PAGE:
The hydrophilic polymeric materials used in this example were gelatin with gel strength of 80-100 g/cm2 and chitosan with a deacetylation degree of above 70%. The gelatin is obtained from animals, such as cattle. The chitosan was obtained from shellfish, such as shrimp or crab, which was proceeded with a deacetylation step. Both chitosan and gelatin were pulverized by a pulverizer and sieved with a 60-80 meshes net. The particles size of chitosan and gelatin were about 177-250 μm. The hydrophobic material of this example was succinic anhydride with a particle size of about 250 μm, and the organic solvent used to solve the succinic anhydride was acetone.

First, the chitosan and the gelatin were mixed in a weight ratio of 1:1. The mixture of chitosan, gelatin and succinic anhydride was pulverized into particles with the above-mentioned particle size, respectively. The chitosan, the gelatin and the succinic anhydride were mixed well, in which the succinic anhydride was 85% by weight. The diluted acidic solution was poured into the mixture to solvent sinter the surface of the chitosan and the gelatin particles, meanwhile the succinic anhydride particles were contained within the sintered chitosan particles and the gelatin particles. After 20 seconds, acetone was introduced massively to wash the succinic anhydride out, which was contained within the sintered chitosan and gelatin, and a hydrophilic porous polymeric material with interconnected channel was formed. The sintered chitosan particles and gelatin particles were also solidified because of the acetone. Finally, the chitosan and the gelatin, which had been solidified, were placed into a beaker with acetone to wash out the residual succinic anhydride. Then, a 0.5% (w/v) glutaraldehyde solution diluted with acetone was added to perform the cross-linking reaction.

The pore size of the obtained hydrophilic porous polymeric material was measured with the scanning electron microscope (SEM).

The methods and features of this invention have been sufficiently described in the above examples and descriptions. It should be understood that any modifications or changes without departing from the spirit of the invention are intended to be covered in the protection scopes of the invention.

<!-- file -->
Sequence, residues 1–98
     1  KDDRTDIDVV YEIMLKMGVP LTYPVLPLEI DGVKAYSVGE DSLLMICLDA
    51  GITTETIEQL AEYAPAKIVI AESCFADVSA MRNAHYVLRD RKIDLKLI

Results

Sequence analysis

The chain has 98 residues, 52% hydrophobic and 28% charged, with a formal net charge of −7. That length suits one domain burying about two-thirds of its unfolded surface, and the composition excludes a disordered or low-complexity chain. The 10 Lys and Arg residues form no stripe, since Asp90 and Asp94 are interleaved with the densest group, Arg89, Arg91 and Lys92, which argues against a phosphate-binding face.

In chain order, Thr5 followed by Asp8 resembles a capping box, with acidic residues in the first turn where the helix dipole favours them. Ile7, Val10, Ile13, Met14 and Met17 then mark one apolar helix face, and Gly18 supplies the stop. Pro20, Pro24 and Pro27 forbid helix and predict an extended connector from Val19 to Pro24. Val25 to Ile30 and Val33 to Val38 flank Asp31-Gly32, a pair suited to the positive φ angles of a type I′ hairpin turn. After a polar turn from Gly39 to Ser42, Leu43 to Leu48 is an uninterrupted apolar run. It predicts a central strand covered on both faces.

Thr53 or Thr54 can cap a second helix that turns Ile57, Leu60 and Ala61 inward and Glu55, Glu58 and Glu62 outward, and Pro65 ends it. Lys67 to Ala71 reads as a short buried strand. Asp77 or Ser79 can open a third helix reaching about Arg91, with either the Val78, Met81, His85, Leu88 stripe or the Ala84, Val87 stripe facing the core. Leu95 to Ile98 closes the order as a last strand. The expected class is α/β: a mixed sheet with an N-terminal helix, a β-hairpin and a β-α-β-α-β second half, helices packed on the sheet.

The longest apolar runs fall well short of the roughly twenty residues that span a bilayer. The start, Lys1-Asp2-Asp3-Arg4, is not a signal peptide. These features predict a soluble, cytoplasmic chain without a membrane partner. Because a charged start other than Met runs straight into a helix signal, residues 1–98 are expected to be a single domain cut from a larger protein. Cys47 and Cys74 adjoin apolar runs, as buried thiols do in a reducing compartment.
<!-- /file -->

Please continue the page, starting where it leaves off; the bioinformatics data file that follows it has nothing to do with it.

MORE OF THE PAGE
Patent Citations
Cited PatentFiling datePublication dateApplicantTitle
US4412947May 26, 1982Nov 1, 1983Seton CompanyCollagen sponge
US4522753Jul 29, 1981Jun 11, 1985Massachusetts Institute Of TechnologyFreezing and sublimining a protein based material; subjeoting to elevated pressure vacuum and crosslinkig
US5489304Apr 19, 1994Feb 6, 1996Brigham & Women's HospitalMethod of skin regeneration using a collagen-glycosaminoglycan matrix and cultured epithelial autograft
US5723508Jan 25, 1996Mar 3, 1998Northwestern UniversityMethod of fabricating emulsion freeze-dried scaffold bodies and resulting products
US5869080May 28, 1996Feb 9, 1999Johnson & Johnson Medical, Inc.Absorbable implant materials having controlled porosity
Non-Patent Citations
Reference
1C.J. Doillon, et al.; Collagen-Based Wound Dressings: Control of the Pore Structure and Morphology; Journal of Biomedical Materials Research; vol. 20; 1219-1228; (1986).
2I.V. Yannas, et al.; Design of an Artificial Skin. I. Basic Design Priniciples; Journal of Biomedical Materials Research; vol. 14; 65-81; (1980).
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Referenced by
Citing PatentFiling datePublication dateApplicantTitle
US7456025 *Jun 3, 2002Nov 25, 2008Porex CorporationApparatus for use in the detection of particles in a liquid sample
Classifications
U.S. Classification521/50
International ClassificationC08B37/08, C08L5/08, C07K17/08, C08L89/06, C08J9/26, C08H1/06
Cooperative ClassificationC08L5/08, C08J2201/0462, C08J9/26, C08H1/06, C07K17/08, C08B37/003, C08L89/06
European ClassificationC08L89/06, C08L5/08, C08B37/00M3B2, C07K17/08, C08J9/26, C08H1/06